the foreigner at such an early age that, when scarcely fifteen, he
already formed part of a secret society, one of the ramifications of the
antique Carbonarism. This hatred of Austrian domination had been
transmitted from father to son through long years, from the olden days of
revolt against servitude, when the conspirators met by stealth in
abandoned huts, deep in the recesses of the forests; and it was rendered
the keener by the eternal dream of Italy delivered, restored to herself,
transformed once more into a great sovereign nation, the worthy daughter
of those who had conquered and ruled the world. Ah! that land of whilom
glory, that unhappy, dismembered, parcelled Italy, the prey of a crowd of
petty tyrants, constantly invaded and appropriated by neighbouring
nations—how superb and ardent was that dream to free her from such long
opprobrium! To defeat the foreigner, drive out the despots, awaken the
people from the base misery of slavery, to proclaim Italy free and Italy
united—such was the passion which then inflamed the young with
inextinguishable ardour, which made the youthful Orlando’s heart leap
with enthusiasm. He spent his early years consumed by holy indignation,
proudly and impatiently longing for an opportunity to give his blood for
his country, and to die for her if he could not deliver her.

Quivering under the yoke, wasting his time in sterile conspiracies, he
was living in retirement in the old family residence at Milan, when,
shortly after his marriage and his twenty-fifth birthday, tidings came to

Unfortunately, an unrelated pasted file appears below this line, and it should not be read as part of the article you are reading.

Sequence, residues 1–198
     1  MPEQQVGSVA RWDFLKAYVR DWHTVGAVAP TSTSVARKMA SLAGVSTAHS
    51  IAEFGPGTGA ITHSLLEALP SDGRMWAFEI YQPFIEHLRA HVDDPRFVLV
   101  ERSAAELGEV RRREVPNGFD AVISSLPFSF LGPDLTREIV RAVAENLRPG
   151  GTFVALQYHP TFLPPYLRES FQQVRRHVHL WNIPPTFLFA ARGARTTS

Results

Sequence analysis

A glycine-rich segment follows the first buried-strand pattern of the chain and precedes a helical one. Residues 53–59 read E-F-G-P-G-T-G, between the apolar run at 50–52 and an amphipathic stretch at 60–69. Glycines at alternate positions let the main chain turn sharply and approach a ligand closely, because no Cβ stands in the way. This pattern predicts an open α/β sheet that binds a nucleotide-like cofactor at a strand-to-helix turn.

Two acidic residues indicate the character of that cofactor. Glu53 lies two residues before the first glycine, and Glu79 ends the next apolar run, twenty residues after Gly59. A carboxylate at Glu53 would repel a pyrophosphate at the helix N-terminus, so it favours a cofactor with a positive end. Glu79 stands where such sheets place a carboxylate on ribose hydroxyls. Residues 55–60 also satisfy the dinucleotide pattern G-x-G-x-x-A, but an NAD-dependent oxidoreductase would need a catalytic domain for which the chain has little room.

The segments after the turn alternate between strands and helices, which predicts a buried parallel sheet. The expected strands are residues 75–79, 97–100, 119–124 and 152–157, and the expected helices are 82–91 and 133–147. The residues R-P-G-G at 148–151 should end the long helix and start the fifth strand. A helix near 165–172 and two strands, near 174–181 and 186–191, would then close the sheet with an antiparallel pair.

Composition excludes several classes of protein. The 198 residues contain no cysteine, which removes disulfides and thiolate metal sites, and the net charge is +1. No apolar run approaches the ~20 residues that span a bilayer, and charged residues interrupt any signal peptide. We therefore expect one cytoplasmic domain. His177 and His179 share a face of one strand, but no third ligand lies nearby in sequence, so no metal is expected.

him of the flight of Pius IX and the Revolution of Rome.* And at once he
quitted everything, wife and hearth, and hastened to Rome as if summoned
thither by the call of destiny. This was the first time that he set out
scouring the roads for the attainment of independence; and how
frequently, yet again and again, was he to start upon fresh campaigns,
never wearying, never disheartened! And now it was that he became
acquainted with Mazzini, and for a moment was inflamed with enthusiasm
for that mystical unitarian Republican. He himself indulged in an ardent
dream of a Universal Republic, adopted the Mazzinian device, “/Dio e
popolo/” (God and the people), and followed the procession which wended
its way with great pomp through insurrectionary Rome. The time was one of
vast hopes, one when people already felt a need of renovated religion,
and looked to the coming of a humanitarian Christ who would redeem the
world yet once again. But before long a man, a captain of the ancient
days, Giuseppe Garibaldi, whose epic glory was dawning, made Orlando
entirely his own, transformed him into a soldier whose sole cause was
freedom and union. Orlando loved Garibaldi as though the latter were a
demi-god, fought beside him in defence of Republican Rome, took part in
the victory of Rieti over the Neapolitans, and followed the stubborn
patriot in his retreat when he sought to succour Venice, compelled as he
was to relinquish the Eternal City to the French army of General Oudinot,
who came thither to reinstate Pius IX. And what an extraordinary and
madly heroic adventure was that of Garibaldi and Venice! Venice, which